I was on popcorn duty at my kid’s school yesterday, and spent the better part of two hours standing over one of those big carnival-style popping machines. We made 300 bags of perfectly fluffed, buttered, and lightly salted popcorn to hand out to the students as a way to perk up their week. What better way than free popcorn for everyone?
It seemed like a great plan, except nobody could have predicted the record-high day, and had we been able to, we wouldn’t have chosen to spend it hunched over a machine churning out heat in building with no air-conditioning or even decent air flow. Nothing like a good sweat in the morning to get that metabolism going. It was steamy, and I don’t mean in a good way.
After it was all bagged up, we took it to the classrooms and the kids went CRAZY. Running in the halls, cries of desperation, bodies crunching together at the front of the class trying to get their hands on a bag of that stuff. There was complete panic when some of them found out the cheddar cheese seasoning had not been sprinkled on, and that they had to wait for the shaker to be passed around to get a seasoning fix. They waited impatiently, and carefully monitored their peer’s cheddar intake.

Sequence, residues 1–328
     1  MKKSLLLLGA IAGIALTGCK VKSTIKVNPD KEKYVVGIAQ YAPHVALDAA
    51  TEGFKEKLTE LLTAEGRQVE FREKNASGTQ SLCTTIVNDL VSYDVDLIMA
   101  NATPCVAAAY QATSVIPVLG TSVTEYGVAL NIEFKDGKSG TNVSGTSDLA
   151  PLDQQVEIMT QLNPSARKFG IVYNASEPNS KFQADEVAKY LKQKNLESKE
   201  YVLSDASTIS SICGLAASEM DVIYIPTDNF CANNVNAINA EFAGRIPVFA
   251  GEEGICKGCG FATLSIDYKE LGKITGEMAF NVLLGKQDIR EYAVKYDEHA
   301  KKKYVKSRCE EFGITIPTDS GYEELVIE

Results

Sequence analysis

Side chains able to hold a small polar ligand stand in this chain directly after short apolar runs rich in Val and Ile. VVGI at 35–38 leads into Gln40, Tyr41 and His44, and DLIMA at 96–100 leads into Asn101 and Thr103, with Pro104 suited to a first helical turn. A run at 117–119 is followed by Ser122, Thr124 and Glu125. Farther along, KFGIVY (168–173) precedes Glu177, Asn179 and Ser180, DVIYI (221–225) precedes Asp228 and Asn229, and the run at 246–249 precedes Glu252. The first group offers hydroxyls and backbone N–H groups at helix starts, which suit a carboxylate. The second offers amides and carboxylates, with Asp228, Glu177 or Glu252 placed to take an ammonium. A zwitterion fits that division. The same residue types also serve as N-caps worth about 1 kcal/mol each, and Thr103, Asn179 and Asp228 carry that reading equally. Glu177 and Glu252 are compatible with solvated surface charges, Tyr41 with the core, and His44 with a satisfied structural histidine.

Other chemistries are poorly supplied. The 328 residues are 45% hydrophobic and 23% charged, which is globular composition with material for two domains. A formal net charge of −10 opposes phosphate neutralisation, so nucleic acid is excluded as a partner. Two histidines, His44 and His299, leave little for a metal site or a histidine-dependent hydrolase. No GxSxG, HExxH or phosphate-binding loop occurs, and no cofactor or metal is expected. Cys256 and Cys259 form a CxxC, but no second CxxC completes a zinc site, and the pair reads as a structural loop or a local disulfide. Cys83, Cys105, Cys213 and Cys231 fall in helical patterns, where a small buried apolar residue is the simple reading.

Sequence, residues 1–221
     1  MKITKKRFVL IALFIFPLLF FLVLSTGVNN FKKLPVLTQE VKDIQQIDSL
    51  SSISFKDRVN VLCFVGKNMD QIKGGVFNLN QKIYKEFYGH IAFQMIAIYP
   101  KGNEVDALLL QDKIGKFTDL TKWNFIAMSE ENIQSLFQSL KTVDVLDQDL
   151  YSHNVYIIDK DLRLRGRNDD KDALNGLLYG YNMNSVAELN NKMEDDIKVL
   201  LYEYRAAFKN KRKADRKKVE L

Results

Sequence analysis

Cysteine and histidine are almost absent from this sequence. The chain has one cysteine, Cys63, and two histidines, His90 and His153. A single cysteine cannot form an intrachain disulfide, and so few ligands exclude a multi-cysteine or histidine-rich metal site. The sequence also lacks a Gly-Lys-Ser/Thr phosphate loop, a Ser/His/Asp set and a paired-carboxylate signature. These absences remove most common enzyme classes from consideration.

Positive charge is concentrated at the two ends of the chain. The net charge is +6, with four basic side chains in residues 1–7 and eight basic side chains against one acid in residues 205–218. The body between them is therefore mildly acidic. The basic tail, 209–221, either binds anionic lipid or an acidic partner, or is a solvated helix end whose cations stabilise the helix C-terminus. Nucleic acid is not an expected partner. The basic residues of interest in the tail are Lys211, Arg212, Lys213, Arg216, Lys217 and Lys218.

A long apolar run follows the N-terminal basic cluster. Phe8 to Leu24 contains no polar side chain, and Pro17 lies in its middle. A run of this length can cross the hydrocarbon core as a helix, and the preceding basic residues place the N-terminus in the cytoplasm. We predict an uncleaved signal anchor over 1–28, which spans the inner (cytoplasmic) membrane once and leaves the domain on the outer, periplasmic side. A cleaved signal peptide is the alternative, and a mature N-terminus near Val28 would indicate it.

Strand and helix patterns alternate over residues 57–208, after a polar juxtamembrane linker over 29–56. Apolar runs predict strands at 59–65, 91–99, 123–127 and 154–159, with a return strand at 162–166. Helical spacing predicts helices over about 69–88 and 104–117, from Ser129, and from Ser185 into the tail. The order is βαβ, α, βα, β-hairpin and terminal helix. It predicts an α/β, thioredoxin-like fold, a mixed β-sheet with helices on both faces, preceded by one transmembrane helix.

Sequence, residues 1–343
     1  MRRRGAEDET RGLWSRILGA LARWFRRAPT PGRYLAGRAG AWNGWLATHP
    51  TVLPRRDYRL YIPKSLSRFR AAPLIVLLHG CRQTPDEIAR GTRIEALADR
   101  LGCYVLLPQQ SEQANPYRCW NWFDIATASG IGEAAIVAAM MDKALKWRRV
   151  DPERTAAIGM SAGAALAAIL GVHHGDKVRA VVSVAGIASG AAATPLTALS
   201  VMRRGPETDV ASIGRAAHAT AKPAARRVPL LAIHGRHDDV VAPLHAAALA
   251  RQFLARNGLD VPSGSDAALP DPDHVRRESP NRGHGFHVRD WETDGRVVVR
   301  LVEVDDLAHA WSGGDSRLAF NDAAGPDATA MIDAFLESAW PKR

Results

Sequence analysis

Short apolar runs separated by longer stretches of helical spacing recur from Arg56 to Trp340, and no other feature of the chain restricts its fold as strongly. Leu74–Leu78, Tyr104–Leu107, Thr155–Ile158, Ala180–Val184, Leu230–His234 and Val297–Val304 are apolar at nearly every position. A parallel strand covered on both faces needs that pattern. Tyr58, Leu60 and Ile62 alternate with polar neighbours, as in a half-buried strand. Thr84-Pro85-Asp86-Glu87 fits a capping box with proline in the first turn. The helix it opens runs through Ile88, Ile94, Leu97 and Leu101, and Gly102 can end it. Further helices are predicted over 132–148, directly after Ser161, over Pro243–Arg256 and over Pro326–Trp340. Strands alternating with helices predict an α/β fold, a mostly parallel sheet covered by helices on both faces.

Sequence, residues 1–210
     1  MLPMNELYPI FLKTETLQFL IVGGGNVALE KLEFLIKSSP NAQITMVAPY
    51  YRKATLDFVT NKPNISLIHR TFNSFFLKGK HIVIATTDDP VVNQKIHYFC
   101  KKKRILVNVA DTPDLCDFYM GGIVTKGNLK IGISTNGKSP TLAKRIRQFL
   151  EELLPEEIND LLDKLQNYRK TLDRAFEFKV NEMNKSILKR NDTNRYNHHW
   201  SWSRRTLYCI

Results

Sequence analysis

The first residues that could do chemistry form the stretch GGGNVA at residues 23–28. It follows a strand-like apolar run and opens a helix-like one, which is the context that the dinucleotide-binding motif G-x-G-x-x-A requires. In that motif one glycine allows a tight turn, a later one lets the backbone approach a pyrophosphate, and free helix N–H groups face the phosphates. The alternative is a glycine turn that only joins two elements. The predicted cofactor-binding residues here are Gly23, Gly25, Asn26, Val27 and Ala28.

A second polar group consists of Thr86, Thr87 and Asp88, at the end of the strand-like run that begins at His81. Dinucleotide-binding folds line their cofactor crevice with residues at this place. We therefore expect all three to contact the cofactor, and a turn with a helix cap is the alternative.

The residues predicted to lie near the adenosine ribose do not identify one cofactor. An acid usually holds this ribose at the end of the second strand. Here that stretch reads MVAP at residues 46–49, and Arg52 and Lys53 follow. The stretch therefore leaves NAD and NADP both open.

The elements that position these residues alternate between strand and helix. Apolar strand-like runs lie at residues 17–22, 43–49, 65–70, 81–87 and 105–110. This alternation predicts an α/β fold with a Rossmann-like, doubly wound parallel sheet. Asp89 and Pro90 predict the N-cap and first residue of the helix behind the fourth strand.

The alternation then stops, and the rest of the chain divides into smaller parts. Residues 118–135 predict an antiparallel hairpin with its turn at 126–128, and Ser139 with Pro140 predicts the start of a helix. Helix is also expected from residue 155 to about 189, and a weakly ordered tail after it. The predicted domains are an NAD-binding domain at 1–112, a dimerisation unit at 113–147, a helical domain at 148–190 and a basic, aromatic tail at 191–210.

“Whoa! Whoa! You’ve had enough!”
“Save some for the rest of us!”
“You’re hogging it! Pass it over!”
It was deemed unacceptable behaviour for a kid to sprinkle five shakes of the stuff instead of two or three by the anxious faced classmates sitting with plain popcorn. Scrambling hands reached out to grab the small jar of powder that could apparently make-or-break this popcorn experience. It was pandemonium.
Which led me to wonder – is this what carnival workers go through all day, every day of the summer season? Chaos and panic over one last ride, the biggest candy apple, or an extra sprinkle of popcorn seasoning? I’ve often thought it would be an interesting job, travelling from town to town, meeting all different kinds of people in a setting that’s all fun, all the time. But is it? You have to consider that at least half their job is listening to overstimulated kids coddled by overtired parents. After only one morning on popcorn duty, I realized I wasn’t cut out for life as a carnie. It’s a good thing I’m a writer.
I may just speak a little more sweetly to the cotton candy vendor with the missing teeth and hair like Einstein. I can probably bet he’s had a long day.